2. Heat a lightly oiled griddle or frying pan over medium high heat. Pour or scoop the batter onto the griddle, using approximately 1/4 cup for each pancake. Brown on both sides and serve hot with real maple syrup.

Tuesday, July 5, 2011

Classic Fettucine Alfredo Recipe

This delicious recipe should be in every food lovers collection.

Monday, June 20, 2011

New Blog

I've been asked by a lot of people (okay, maybe just two) if I'm ever going to start blogging again. And I've finally decided, the answer is yes!

But I'm ready for a new challenge and a new blog. I can be found here: http://somanythingstotalkabout.blogspot.com/ , writing about... well, life. I'm sure food and nutrition, the main focus of this blog, will creep in there too. So, I hope you'll come check it out and talk about life with me.

Chanelle

Wednesday, September 8, 2010

Roasted Corn and Poblano Pizza




I can't take much credit for this recipe. I got it from Cooking Light years ago and just made a few changes- things like swapping out egg whites and using whole eggs, and using whole wheat pizza crust instead of white, packaged crust. The cilantro and sour cream topping really makes this dish, so don't leave those out. If you're afraid of hot, spicy foods, just make sure to remove all the seeds and skin-- that's where all the heat is. Then all you're left with is a mild chile flavor without it being too spicy.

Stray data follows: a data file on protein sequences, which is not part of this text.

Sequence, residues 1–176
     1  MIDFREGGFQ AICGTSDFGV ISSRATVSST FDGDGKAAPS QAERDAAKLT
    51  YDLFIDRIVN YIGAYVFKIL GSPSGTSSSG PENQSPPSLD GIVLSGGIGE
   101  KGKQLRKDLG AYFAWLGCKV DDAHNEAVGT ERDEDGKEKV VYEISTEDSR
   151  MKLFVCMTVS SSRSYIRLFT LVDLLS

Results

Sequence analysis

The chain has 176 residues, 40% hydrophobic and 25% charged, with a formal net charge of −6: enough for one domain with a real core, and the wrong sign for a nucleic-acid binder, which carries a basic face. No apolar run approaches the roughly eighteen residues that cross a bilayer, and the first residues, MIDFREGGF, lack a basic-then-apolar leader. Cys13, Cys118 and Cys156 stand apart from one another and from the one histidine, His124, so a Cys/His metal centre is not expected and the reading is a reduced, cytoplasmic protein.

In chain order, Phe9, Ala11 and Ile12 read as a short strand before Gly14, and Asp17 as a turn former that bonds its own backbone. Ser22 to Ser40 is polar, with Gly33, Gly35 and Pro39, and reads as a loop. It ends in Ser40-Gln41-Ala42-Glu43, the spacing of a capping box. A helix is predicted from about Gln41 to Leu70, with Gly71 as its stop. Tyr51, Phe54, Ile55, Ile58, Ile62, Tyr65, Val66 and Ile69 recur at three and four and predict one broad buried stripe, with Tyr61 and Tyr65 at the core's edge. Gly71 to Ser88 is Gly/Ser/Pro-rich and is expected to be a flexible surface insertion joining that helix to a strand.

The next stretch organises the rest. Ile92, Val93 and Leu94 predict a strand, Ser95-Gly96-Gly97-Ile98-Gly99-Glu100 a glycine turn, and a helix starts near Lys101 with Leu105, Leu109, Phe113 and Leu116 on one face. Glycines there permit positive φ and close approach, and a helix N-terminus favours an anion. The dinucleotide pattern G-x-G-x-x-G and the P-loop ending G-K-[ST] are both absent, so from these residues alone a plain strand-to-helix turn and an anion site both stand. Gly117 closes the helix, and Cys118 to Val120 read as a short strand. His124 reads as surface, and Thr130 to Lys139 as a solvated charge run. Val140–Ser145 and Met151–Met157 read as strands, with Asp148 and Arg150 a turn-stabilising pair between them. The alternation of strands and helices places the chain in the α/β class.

Roasted Corn and Poblano Pizza

Ingredients


2 poblano chiles

Olive oil or butter for sauteing

2 cups corn kernels

1/2 cup chopped green onions

1 garlic clove, minced

1/2 cup whole milk

2 large eggs

1/2 teaspoon salt

1/4 teaspoon freshly ground black pepper

1 cup (4 ounces) shredded sharp cheddar cheese

Pizza dough*

2 tablespoons sour cream

2 tablespoons chopped fresh cilantro

*You can buy premade whole wheat pizza dough at stores like Trader Joe's and Fresh and Easy, in the refrigerated section. I make my own so that I know exactly what is in it.

Preparation

Preheat broiler.
Place poblano chiles on a foil-lined baking sheet; broil 10 minutes or until blackened and charred, turning occasionally. Place in a heavy-duty zip-top plastic bag; seal. Let stand 10 minutes. Peel and discard skins, seeds, and stems. Chop peppers.
Lower oven temperature to 425°.
In a large skillet, melt butter or olive oil over medium high heat.  Add corn, green onions, and garlic; sauté 2 minutes or until lightly browned. Stir in milk; cook over medium heat 2 minutes or until liquid almost evaporates. Cool slightly. Place eggs, salt, and black pepper in a bowl; stir with a whisk. Stir in poblano peppers, corn mixture, and cheese.
Line a baking sheet with parchment paper. Unroll dough onto parchment paper; pat dough to form a 13 x 8-inch rectangle. Spread corn mixture over dough, leaving a 1-inch border. Fold 1 inch of dough over corn mixture. Bake at 425° for 12 minutes or until set. Serve with sour cream; sprinkle with cilantro.